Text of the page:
Russia ready to help Moldova solve its political crisis / News / News agency Inforos
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Russia ready to help Moldova solve its political crisis

Russia ready to help Moldova solve its political crisis

Russia is interested in finding a peaceful solution to the Moldovan political crisis and is ready to provide assistance if needed, Russian Federation Council (upper house) Speaker Valentina Matviyenko said on Tuesday.

"Peaceful settlement is only a domestic Moldovan political dialogue involving all political forces and everyone who loves their country and wants peace, stability and development. Russia, which cares about Moldova and its people, wants this political crisis to end. If we can provide any assistance we are ready to do this," TASS quoted Matviyenko as saying.

According to the upper house speaker, both the Moldovan society and authorities seek a peaceful solution to the current crisis. "Although a coalition was created in the parliament and the parliament speaker and premier were elected, those people, who consider themselves as the owners of the country, are dissatisfied with this.

This resulted in confrontation, speculation and an unbiased decision of the Constitutional Court and this does not contribute to ironing out the crisis," she stressed.

Moldova’s parliament has been trying to establish the ruling coalition and form the government since the February elections. Only on June 8, the Party of Socialists supporting Moldovan President Igor Dodon managed to reach an agreement with the pro-EU bloc Acum (Now) to oppose the Democratic Party led by oligarch Vladimir Plahotniuc, which controlled the former parliament and the cabinet.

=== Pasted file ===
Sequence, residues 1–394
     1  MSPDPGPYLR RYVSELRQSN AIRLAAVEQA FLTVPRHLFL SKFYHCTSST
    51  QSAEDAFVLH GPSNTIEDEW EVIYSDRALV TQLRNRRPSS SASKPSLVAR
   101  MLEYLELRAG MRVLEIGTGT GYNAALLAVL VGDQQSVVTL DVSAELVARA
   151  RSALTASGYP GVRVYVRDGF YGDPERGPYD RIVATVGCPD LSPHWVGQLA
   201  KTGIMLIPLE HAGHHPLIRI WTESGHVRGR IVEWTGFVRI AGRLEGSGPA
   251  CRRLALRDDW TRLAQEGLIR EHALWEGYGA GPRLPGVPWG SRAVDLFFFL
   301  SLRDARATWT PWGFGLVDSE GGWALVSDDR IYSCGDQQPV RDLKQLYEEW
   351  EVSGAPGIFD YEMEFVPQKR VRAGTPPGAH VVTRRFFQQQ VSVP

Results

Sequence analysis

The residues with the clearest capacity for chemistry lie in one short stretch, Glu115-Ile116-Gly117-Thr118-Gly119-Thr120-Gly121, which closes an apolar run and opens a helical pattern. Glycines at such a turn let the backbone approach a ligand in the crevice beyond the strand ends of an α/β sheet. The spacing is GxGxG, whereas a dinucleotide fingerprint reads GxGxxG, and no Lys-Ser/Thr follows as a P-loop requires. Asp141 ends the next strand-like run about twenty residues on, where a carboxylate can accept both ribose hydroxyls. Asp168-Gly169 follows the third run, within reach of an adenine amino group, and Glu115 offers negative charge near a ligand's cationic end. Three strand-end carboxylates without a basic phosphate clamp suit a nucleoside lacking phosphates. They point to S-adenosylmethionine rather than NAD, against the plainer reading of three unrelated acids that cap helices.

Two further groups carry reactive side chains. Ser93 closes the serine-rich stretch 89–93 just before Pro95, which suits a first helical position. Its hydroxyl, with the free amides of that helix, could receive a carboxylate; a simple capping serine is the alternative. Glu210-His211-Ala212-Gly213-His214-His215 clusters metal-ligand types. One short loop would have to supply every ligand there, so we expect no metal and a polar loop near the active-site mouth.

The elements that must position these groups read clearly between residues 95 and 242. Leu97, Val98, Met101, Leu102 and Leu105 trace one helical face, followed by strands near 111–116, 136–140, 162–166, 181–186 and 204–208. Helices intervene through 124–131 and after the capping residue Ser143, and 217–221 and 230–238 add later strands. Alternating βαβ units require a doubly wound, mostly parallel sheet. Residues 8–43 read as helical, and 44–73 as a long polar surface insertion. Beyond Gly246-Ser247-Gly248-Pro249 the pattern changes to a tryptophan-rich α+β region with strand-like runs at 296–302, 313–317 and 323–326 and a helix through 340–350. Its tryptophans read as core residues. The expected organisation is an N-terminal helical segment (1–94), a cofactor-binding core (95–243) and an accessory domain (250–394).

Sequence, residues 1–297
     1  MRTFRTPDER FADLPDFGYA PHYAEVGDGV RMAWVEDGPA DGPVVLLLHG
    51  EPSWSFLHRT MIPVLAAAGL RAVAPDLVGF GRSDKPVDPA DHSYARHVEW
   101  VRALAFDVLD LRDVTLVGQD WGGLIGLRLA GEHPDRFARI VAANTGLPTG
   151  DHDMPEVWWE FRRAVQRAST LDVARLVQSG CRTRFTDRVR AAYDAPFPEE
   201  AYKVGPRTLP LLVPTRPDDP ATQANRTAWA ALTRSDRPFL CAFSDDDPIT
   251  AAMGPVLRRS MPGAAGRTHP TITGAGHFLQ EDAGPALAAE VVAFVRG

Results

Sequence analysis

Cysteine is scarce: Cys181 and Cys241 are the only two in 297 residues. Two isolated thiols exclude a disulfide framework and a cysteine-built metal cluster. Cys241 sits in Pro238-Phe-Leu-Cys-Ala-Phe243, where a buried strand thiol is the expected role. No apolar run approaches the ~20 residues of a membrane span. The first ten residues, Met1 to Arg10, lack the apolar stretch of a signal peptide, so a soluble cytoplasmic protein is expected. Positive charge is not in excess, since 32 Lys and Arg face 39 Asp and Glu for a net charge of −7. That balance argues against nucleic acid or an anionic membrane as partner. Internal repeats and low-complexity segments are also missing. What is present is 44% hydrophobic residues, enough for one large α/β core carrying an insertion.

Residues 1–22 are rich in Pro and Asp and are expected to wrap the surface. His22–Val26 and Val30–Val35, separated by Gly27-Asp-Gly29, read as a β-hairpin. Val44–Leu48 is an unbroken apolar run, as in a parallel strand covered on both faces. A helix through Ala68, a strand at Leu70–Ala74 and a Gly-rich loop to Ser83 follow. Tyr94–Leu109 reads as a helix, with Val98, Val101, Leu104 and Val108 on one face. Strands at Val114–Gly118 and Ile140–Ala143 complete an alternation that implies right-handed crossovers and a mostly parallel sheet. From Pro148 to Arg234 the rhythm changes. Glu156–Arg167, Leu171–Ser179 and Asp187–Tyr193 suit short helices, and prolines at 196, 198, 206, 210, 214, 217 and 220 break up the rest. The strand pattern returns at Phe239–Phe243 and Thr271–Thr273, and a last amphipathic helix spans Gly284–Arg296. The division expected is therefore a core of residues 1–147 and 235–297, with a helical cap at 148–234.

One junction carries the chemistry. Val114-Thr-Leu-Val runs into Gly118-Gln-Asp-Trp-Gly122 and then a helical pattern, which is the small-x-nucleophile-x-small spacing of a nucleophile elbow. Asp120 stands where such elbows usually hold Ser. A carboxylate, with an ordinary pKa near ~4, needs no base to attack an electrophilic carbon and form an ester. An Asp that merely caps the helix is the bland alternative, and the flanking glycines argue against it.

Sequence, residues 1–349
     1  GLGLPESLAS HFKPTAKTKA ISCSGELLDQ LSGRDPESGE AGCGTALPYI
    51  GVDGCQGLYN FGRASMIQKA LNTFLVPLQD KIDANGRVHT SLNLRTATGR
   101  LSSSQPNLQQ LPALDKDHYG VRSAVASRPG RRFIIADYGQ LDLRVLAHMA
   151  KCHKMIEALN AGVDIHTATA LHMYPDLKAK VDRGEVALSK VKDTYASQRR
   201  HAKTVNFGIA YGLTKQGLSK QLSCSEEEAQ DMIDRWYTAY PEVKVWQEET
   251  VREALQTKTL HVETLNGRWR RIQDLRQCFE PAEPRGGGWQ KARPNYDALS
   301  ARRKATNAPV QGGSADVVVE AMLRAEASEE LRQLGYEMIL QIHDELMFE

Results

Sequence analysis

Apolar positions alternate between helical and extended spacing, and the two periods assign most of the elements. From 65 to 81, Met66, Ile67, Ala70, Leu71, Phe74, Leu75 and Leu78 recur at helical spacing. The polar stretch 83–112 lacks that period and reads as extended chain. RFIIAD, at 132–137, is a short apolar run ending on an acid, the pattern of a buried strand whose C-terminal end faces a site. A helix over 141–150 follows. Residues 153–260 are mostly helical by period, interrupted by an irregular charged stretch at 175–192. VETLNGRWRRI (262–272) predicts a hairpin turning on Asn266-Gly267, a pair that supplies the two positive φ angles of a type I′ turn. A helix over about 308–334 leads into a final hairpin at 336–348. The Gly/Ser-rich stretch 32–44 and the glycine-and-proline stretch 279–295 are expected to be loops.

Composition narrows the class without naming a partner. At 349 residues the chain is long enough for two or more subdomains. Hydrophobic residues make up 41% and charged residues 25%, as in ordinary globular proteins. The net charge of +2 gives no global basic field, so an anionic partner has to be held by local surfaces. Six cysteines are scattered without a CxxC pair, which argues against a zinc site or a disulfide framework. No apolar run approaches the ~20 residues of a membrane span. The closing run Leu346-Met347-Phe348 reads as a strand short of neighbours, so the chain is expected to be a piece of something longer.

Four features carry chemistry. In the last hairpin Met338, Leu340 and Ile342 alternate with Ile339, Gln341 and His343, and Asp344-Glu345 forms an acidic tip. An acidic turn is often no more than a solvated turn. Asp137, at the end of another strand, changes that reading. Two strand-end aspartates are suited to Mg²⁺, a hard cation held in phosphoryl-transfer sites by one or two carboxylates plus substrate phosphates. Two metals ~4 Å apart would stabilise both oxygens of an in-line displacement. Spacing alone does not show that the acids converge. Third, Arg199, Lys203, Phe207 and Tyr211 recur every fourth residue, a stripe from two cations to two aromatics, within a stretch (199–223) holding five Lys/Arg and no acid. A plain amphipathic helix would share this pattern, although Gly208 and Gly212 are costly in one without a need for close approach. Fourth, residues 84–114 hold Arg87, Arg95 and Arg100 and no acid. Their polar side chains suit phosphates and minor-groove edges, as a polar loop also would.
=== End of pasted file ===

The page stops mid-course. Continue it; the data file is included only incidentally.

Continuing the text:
The leader of the Party of Socialists Zinaida Greceanii was elected the parliament’s speaker, and the government was established led by Maia Sandu, who heads the Party of Action and Solidarity, a part of the Acum bloc.

The Democratic Party refused to recognize the new government and filed a request with the Constitutional Court, which ruled that the parliament’s resolutions were illegitimate as the parliament had failed to meet the 90-day deadline for establishing the government in conformity with law (from March 9 when the lawmakers received their mandates).

After that, the Constitutional Court authorized Acting Prime Minister and member of the Democratic Party Pavel Filip to sign a decree on the parliament’s dissolution instead of the president. President Dodon described this step as an attempt to usurp power.

Russia, the European Union, the United States and other countries and international organizations have expressed concern over the political crisis in Moldova and declared their readiness to cooperate with that country’s parliament and new cabinet.

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